Self-Judgment and Hamlet's Mutiny

Self-Judgment and Hamlet's Mutiny

My last blog post on The Hovel is dated April 17, 2017 – over one year ago. There are plenty of reasons and justifications for my silence: I’ve been busy working on more pressing projects, Ian and I moved across the country again, we bought our first house, etc., etc. If I’m honest, though, there’s one sad underlying cause for my lack of productivity that trumps all the other excuses: I have become Hamlet…

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On "Getting the Right Answers" to Socratic Questions

On "Getting the Right Answers" to Socratic Questions

One of my favorite, daily tasks at CenterForLit is answering emails from parents and educators who write with questions about literature and homeschooling. I look forward to these conversations, albeit virtual, because I remember the isolation endemic in much of my own homeschooling work...

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On Faith, Hope, and Fear

On Faith, Hope, and Fear

January and February were difficult months for us Andrews types. The new year brought with it two car accidents, a health drama, and a broken furnace in the coldest week of the season. I would love to report that we handled it all with faces “set like flint,” hearts full of faith, and unflappable confidence in God’s goodness, but that wouldn’t be honest... 

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Sculpture and Sabbath in Jeremiah

Sculpture and Sabbath in Jeremiah

Making Jeremiah the prophet relevant to modern day high school students is a neat trick, and I’d like to have a long talk with the teacher who can pull it off.  The problem is Jeremiah’s preoccupation with idolatry, the crafting and worshiping of wooden statues. The entire prophecy is a diatribe against this practice, and since few of my students are pagan sculptors, they have a hard time relating...

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The In-Between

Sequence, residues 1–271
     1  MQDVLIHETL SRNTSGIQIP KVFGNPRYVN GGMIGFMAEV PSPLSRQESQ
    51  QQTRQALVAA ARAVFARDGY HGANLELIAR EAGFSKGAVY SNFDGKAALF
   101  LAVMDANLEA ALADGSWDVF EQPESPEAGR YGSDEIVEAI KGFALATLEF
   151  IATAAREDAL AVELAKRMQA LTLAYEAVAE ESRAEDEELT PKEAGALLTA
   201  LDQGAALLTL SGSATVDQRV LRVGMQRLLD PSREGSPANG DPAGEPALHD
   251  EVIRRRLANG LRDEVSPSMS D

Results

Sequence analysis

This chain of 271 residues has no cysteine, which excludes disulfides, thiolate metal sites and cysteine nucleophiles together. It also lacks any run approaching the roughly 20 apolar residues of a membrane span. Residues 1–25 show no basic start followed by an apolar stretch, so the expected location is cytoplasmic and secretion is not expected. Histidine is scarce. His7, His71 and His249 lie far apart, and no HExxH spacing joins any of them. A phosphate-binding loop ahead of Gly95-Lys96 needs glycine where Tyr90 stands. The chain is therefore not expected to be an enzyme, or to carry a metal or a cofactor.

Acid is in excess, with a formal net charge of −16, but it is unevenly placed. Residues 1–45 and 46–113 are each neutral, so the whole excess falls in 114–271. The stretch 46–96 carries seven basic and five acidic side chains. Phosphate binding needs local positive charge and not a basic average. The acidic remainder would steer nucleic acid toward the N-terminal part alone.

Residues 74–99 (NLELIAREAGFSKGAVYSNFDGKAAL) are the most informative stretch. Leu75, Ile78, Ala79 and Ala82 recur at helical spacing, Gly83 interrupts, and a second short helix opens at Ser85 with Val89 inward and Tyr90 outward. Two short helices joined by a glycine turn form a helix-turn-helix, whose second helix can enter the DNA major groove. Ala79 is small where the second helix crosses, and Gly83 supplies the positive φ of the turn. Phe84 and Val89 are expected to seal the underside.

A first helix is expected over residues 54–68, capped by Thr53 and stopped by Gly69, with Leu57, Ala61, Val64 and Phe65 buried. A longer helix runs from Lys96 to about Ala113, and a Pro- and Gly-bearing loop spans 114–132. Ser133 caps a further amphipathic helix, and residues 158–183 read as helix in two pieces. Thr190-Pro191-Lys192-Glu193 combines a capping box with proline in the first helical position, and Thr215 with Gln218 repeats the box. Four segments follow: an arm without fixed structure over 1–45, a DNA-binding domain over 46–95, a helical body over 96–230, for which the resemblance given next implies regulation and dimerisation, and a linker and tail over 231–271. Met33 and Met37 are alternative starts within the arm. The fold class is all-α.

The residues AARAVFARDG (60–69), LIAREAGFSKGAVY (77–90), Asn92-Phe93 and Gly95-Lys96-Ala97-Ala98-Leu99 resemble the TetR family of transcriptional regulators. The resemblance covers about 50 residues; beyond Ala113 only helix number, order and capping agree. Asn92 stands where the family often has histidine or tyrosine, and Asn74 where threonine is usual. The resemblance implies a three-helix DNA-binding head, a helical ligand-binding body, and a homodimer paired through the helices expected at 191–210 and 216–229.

The In-Between

I’ve been reading a lot of children’s literature recently, due to my role as an Elementary Lit teacher here at CenterForLit. We just finished reading C. S. Lewis’s The Lion, the Witch, and the Wardrobe and I was struck by the youngest brother, Edmund’s, character development. Not a baby any longer to be coddled by his mother or sister, but not yet mature enough to claim a leader’s role like Peter, Edmund is half-baked, sullen, and in-process...

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Fall Pinterest Fails and the Messy Real

Fall Pinterest Fails and the Messy Real

Fall has officially arrived here in northeast Washington. As the air adopts a chill, we are barreling towards the season of harvest parties and hay rides, hot chocolate and flushed faces, pumpkins and apple-cider. Tradition holds that this season affords us all a glowing opportunity to throw open our homes to company. Thanks to Pinterest, we have a vivid picture in our minds of the model autumnal home: decorated but not cluttered, festive but not garish, tidy but just the right amount of “lived in.” If you’re anything like me, you are already laboring under the weight of this impossible standard...

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Running the Race: A Lit Lesson in Preparation for Labor Day

Running the Race: A Lit Lesson in Preparation for Labor Day

Man, that Apostle Paul must have been a lit teacher! Consider how well he chose his metaphors: In a passage of Scripture that is being intoned and memorized by homeschooling parents all over the world this week, he urges his readers to“run in such a way as to get the prize…Go into strict training…to get a crown that will last forever” (I Corinthians 9:24-25).Is there any better image to describe the upcoming year than a race...

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